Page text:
Hence, you get the sum of squares of the difference between the curve and the sample point (i.e., the residual) and minimize it by determining the parameters which minimize the regression.

That's it.


That's a particularly incompetent and irresponsible view of engineering.

The key to modeling anything correctly is to be aware of exactly what assumptions your choice of model corresponds to and how well they match the real-world processes underlying your data.

So you've fitted some curve, but why that curve? What are the implications of assuming linearity between your input and output domains? What have you assumed about the distribution of noise over your predictions? How about over your input features? How would you expect the bias and variance of your predictions to degrade if any of these assumptions no longer held?

As an engineer, if you don't understand the statistics behind your models enough to answer to such questions, their real-world applications aren't going to go far beyond wishful garbage-in-garbage-out number crunching.


> So you've fitted some curve, but why that curve?

Because it's the curve that's obtained by that particular minimization criteria, which is the minimization of the L² norm.

If some other criteria was used, or other approximation function, then the result would also be valid.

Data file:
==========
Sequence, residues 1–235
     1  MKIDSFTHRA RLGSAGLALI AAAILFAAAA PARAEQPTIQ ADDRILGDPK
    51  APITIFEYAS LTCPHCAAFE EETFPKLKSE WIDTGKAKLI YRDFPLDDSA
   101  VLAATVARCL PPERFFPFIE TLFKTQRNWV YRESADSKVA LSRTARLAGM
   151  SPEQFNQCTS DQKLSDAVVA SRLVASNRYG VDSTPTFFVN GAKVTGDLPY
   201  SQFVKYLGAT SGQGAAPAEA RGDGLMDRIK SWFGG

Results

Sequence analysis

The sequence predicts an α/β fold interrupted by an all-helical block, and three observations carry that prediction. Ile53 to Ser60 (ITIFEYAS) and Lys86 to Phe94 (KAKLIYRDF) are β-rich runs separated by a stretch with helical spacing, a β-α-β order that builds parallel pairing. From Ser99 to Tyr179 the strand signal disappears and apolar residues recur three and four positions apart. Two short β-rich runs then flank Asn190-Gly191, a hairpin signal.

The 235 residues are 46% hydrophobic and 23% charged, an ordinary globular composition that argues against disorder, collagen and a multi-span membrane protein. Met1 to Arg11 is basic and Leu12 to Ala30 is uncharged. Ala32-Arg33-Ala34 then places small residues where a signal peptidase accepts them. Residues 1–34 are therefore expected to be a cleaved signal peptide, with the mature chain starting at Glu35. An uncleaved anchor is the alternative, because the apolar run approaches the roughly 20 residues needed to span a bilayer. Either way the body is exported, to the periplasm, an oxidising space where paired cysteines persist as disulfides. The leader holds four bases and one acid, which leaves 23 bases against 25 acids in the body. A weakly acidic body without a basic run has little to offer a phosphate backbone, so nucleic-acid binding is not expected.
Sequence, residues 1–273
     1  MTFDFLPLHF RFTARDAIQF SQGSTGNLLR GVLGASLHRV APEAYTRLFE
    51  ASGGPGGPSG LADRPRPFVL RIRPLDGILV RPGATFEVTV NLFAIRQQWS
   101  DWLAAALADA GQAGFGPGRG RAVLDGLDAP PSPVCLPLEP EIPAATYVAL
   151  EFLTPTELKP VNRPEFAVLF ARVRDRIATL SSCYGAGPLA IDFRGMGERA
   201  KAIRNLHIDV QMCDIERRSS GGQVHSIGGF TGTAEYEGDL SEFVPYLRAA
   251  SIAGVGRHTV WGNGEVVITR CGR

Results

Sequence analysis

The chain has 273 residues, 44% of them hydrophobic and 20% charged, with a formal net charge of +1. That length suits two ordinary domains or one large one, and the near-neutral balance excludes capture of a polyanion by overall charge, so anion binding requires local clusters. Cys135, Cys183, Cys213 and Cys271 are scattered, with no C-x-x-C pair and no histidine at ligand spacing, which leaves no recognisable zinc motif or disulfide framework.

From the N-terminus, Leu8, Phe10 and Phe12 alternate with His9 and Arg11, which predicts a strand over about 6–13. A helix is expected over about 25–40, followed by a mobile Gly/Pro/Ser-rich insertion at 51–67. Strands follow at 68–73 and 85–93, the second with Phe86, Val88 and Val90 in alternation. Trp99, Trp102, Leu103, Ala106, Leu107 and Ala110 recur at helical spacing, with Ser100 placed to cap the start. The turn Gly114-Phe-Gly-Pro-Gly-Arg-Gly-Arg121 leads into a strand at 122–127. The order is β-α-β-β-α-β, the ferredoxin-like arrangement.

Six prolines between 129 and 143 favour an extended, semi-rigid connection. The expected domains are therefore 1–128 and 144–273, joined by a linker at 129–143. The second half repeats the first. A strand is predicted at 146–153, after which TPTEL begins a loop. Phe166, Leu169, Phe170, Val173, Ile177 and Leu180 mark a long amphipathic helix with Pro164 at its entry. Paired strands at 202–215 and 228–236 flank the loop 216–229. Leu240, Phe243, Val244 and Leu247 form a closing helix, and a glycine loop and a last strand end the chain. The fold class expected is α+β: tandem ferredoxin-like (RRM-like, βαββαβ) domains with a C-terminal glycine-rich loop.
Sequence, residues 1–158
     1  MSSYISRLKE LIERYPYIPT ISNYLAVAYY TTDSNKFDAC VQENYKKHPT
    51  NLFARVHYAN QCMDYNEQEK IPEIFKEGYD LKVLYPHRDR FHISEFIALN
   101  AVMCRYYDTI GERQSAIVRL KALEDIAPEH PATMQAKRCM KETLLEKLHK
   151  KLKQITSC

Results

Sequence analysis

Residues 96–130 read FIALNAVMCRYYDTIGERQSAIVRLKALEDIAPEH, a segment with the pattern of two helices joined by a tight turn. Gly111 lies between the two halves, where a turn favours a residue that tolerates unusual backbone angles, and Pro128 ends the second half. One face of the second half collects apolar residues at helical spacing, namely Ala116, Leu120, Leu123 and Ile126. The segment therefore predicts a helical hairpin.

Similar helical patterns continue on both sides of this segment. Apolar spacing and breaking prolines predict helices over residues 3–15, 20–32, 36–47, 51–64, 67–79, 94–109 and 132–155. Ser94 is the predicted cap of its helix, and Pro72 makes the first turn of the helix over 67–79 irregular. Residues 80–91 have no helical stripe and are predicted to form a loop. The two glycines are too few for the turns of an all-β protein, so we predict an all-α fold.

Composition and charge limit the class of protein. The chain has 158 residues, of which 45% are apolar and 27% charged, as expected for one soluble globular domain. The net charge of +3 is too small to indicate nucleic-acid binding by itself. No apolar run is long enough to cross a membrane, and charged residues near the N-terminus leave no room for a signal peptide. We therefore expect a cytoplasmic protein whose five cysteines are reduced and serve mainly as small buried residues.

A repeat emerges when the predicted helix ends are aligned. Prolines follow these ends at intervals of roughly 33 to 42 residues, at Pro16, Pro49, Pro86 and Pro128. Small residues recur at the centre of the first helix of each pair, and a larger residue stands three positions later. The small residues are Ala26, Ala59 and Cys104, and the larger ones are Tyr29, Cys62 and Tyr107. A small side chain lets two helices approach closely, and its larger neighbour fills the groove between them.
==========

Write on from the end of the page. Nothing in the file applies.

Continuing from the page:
It appears that you are unaware that essentially all engineering in general, and whole field of computational mechanics in particular, is founded on what can be described as curve fitting. Whether it's plain old least squares approximation (in particular, moving least squares) or other techniques focused on the minimization of some other norm (Galerkin-type methods, for instance) the basis is all the same.

> What are the implications of assuming linearity between your input and output domains?

In short, because analytic functions and Taylor's theorem exist.

Is it that hard?

> As an engineer, if you don't understand the statistics behind your models enough to answer to such questions, their real-world applications aren't going to go far beyond wishful garbage-in-garbage-out number crunching.

You know nothing about engineering, and somehow you're assuming that everything can only be valid if it's interpreted as a statistical problem.